23567358210_2327dd548d_mAfter one particularly long day on ward and a much-needed break from it all, I wandered back to the hospital to be greeted by the sound of carol-singing from outside the main entrance. I had been missing my weekly choir sessions at home and stopped to listen to the strains of carols that filled the air. This group had come from nearby church, St George’s Holborn to spread a little festive cheer and 23104290053_5ffd34741a_zoffer mince pies to anxious parents, extended families and harried medical staff as they rushed through the doors of the hospital. As I chatted to some of the members, I was invited to their Carols by Candlelight service on the evening of G’s birthday and was delighted to be able to attend, although sadly M wasn’t allowed to come with me. The service was beautiful – lit by candlelight, with smiling, welcoming faces all around me and filled with a peace that I really needed that evening. I sang every carol, grateful to be able to take part in this simple act of worship that proved to be invaluable therapy to me and which brought healing to my troubled heart.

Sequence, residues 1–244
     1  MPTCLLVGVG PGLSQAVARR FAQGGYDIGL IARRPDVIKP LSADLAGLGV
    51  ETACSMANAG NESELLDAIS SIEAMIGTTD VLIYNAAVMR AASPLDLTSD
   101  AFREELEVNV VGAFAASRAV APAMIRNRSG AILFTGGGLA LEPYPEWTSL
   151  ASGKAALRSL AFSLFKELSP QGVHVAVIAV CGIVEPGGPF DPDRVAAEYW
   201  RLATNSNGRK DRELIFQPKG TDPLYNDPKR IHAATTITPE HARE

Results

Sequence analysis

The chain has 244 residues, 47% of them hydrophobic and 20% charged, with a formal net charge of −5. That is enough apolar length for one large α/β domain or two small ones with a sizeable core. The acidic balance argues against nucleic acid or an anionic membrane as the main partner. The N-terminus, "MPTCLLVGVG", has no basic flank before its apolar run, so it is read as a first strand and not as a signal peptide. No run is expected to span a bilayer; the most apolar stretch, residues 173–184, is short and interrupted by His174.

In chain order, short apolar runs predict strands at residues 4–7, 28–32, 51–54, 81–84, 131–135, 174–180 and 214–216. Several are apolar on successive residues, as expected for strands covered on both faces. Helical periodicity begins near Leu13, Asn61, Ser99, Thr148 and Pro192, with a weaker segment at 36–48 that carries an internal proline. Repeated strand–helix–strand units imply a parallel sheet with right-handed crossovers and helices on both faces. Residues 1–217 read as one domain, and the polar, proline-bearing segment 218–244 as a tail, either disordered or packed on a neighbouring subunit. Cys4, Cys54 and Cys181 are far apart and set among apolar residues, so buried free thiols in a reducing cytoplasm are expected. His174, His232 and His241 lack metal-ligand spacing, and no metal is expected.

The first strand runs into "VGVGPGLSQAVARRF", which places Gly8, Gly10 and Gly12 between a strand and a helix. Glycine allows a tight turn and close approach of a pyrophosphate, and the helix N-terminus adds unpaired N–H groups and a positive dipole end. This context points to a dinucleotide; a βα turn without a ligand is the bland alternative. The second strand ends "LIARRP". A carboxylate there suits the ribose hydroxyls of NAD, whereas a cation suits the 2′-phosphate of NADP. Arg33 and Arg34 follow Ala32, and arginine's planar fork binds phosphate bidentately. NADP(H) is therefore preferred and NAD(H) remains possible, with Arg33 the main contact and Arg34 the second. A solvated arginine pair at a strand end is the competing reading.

Hospital school’s Christmas activities:

As well as the wonderful crafts mentioned above, the hospital school had a series of wonderful activities planned for the last 2 weeks of term. Sadly, due to the unforeseen hiccups that arose during his admission, M wasn’t able to take part in as many as he would have liked, but those he did do, he really enjoyed. From experiencing a Victorian Christmas with the V&A museum to themed artwork with the National Portrait Gallery and the beautiful Christmas service held in the hospital chapel and which we enjoyed so much last year, there was just so much on offer. M was particularly disappointed to miss the service as he had been asked to 20151215_121720read at it, but the necessity of Klean prep made it impossible for him to attend. However, the one activity I put my foot down about and insisted he do was the chance to once again do some cookery with one of London’s head chefs. M loved every minute of that session and came out proudly bearing a box full of goodies from chocolate cupcakes to gingerbread angels and even 2 items he could safely eat – spun sugar and an apple swan!